Pallavi and Avik had a lot of friends in Wadala. They called themselves the ‘Wadala family’. “He sometimes felt that because they had so many friends around, Pallavi could have walked across to somebody’s home and spent the night there. He regretted that he was not there when she needed him,” she says.
Rumni doesn’t join the dots between Pallavi’s death and Avik’s illness. “He died of a brain disease, yes. Maybe, at a deeper level, he was going through trauma that may or may not have triggered the disease. We don’t know. All I could see was his struggle to cope,” she says. She does not think of her son’s death in the singular: “A totally unthinking, cruel act. It has so many repercussions…two innocent lives lost this way.”
At the hospital, Avik held Pallavi close. “There is the sea behind. The Shivaji Park area — his father and he had attended the ceremony to strew her ashes in the sea. He would tell me that Pallavi is around here,” says Rumni. The Arabian Sea lies across the road from Hinduja hospital. A kilometre away is Shivaji Park and the Dadar beach.
Avik died on November 14, 2013, and was cremated at the Sion Cemetery. “He was cremated in the same crematorium as Pallavi was. It just worked out that way. It was the closest to Hinduja hospital. But when we gave the ashes to the sea, it was a conscious decision to do it at the same place as Pallavi’s,” says Rumni.
On August 9, 2012, Pallavi Purkayastha, a 25-year-old lawyer, returned from work to her flat in Himalayan Heights building in Wadala, Mumbai, and found there was a power failure. She called the electrician to fix the problem. The electrician, accompanied by security guard Sajjad Mughal, came to her flat and the latter stealthily stole the keys. He later entered the flat and tried to force himself on Pallavi. When she resisted, he stabbed her. When her fiance Avik Sengupta returned from work in the morning, he discovered her body in a pool of blood, and informed the police. A year later, Avik succumbed to septicemia and multiple-organ failure.
On June 30, the court convicted Sajjad Mughal on charges of murder, molestation and criminal trespass. On July 7, it will announce its quantum of punishment.
‘A POLITE BOY’
Avik was born on September 20, 1984 at his mother’s house in Calcutta. In 1985, the family — Rumni, born in Ranchi, and Alok, born in Patna — moved to Jamshedpur after the latter began working at the Tata Main Hospital.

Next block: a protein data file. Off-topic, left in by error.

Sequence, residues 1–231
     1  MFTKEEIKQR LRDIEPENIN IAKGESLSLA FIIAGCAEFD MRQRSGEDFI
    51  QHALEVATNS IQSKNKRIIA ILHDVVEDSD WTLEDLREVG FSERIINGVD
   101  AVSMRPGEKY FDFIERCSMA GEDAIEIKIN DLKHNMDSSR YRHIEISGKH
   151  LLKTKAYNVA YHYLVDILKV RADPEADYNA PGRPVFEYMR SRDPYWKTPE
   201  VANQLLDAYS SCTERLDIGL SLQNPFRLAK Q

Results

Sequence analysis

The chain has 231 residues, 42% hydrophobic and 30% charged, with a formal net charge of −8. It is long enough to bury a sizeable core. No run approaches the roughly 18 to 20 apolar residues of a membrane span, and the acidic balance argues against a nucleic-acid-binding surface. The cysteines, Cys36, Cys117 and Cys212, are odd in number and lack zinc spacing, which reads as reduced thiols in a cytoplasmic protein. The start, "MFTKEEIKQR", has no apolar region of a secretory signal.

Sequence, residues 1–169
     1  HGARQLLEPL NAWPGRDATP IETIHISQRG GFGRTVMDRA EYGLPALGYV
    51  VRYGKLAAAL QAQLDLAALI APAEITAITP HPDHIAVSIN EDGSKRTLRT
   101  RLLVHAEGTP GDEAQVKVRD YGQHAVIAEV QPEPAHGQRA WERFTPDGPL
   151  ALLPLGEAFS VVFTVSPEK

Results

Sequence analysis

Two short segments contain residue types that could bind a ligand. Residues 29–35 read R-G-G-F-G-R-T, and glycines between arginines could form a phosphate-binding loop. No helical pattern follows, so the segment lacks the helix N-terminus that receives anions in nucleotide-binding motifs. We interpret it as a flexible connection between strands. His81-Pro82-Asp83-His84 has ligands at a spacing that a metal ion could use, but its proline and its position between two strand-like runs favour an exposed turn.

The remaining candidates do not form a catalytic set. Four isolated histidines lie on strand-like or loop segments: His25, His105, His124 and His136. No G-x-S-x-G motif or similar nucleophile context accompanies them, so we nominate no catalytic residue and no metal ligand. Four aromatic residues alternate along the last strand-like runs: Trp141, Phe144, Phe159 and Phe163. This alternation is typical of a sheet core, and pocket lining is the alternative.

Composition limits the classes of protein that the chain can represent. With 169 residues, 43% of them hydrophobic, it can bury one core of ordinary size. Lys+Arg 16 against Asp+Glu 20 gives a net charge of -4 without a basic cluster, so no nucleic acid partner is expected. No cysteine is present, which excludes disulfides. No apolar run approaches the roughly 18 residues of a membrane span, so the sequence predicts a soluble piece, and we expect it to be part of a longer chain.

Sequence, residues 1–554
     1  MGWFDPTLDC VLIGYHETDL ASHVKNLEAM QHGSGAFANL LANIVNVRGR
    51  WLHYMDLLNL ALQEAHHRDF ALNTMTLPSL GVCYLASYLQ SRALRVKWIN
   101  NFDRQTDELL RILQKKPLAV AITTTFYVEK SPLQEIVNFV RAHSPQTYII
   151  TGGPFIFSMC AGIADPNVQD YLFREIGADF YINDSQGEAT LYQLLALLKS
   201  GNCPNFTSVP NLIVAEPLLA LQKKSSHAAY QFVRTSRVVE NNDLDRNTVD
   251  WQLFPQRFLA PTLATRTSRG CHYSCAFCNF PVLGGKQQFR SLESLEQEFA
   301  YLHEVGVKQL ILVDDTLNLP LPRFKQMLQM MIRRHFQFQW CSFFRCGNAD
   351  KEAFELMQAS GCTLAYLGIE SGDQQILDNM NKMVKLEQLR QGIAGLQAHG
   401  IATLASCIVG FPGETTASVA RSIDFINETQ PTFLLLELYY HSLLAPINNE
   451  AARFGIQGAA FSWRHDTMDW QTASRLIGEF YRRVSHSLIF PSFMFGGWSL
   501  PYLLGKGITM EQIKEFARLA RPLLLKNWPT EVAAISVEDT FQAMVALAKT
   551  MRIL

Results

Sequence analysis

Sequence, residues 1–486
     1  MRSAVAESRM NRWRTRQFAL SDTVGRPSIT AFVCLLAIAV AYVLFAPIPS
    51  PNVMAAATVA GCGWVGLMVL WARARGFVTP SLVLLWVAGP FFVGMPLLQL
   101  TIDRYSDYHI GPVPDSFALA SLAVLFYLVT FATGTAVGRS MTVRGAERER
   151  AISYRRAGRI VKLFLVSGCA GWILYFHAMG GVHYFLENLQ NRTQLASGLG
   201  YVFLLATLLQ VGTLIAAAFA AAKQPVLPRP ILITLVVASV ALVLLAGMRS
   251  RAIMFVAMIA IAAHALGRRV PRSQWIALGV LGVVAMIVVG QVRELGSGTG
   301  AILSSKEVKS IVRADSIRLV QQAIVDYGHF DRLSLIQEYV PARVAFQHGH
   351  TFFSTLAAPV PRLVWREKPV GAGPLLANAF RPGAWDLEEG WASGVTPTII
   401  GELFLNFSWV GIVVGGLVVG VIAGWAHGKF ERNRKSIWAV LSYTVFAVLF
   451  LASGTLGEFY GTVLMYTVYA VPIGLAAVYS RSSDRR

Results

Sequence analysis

He went to Loyola School, Jamshedpur, and decided against a career in medicine. “His teachers wanted him to do MBBS as I’m a doctor and he was good in biology. But he said he didn’t want to have a hectic life like mine,” says father Alok Sengupta.
He also began a relationship with synthesisers. “We Bengali families want our children to learn music and the Rabindra Sangeet. He began on the harmonium and went on to like synthesisers so much,” says Alok.
Teachers from school remember him as a polite boy. “We had gone on a trip from school. I fell ill and Avik refused to leave my side the whole day,” says Mitali Das, his schoolteacher.
“Avik would always be at the Durga Puja pandal to help out. He would come and meet us and even ensure we got an extra helping of the prasad,” says Jayashree Sharma, who taught him English in Class X.
Partly because he was a good orator, Avik zeroed in on a career in law and joined a law college in Pune. He began spending his holidays in internships and eventually joined J Sagar Associates after multiple internships there. He was a senior associate at the time of death, the cause of which was multiple-organ failure following septicemia. Despite his parents’ repeated efforts to have him shift to Kolkata, Avik settled in Mumbai because he began specialising in capital markets.
Abhinav Mohanty, his junior from school, talks of the time they were part of a larger team that travelled to Bangalore to attend a cultural festival: “On our way back, he began talking of life in such an intellectual way that the rest of us went to our teachers and asked for permission to playfully beat him up.”
Avik remained affected by life around him. He would often write reflective pieces and email them to friends and family. “After the 26/11 attacks, on his way back from work, he would stop at the Cama & Albless hospital to interact with victims. He would often help people with money there. Once, he asked me permission to do so. I told him he was doing a good deed. He later wrote a piece about it,” says Alok.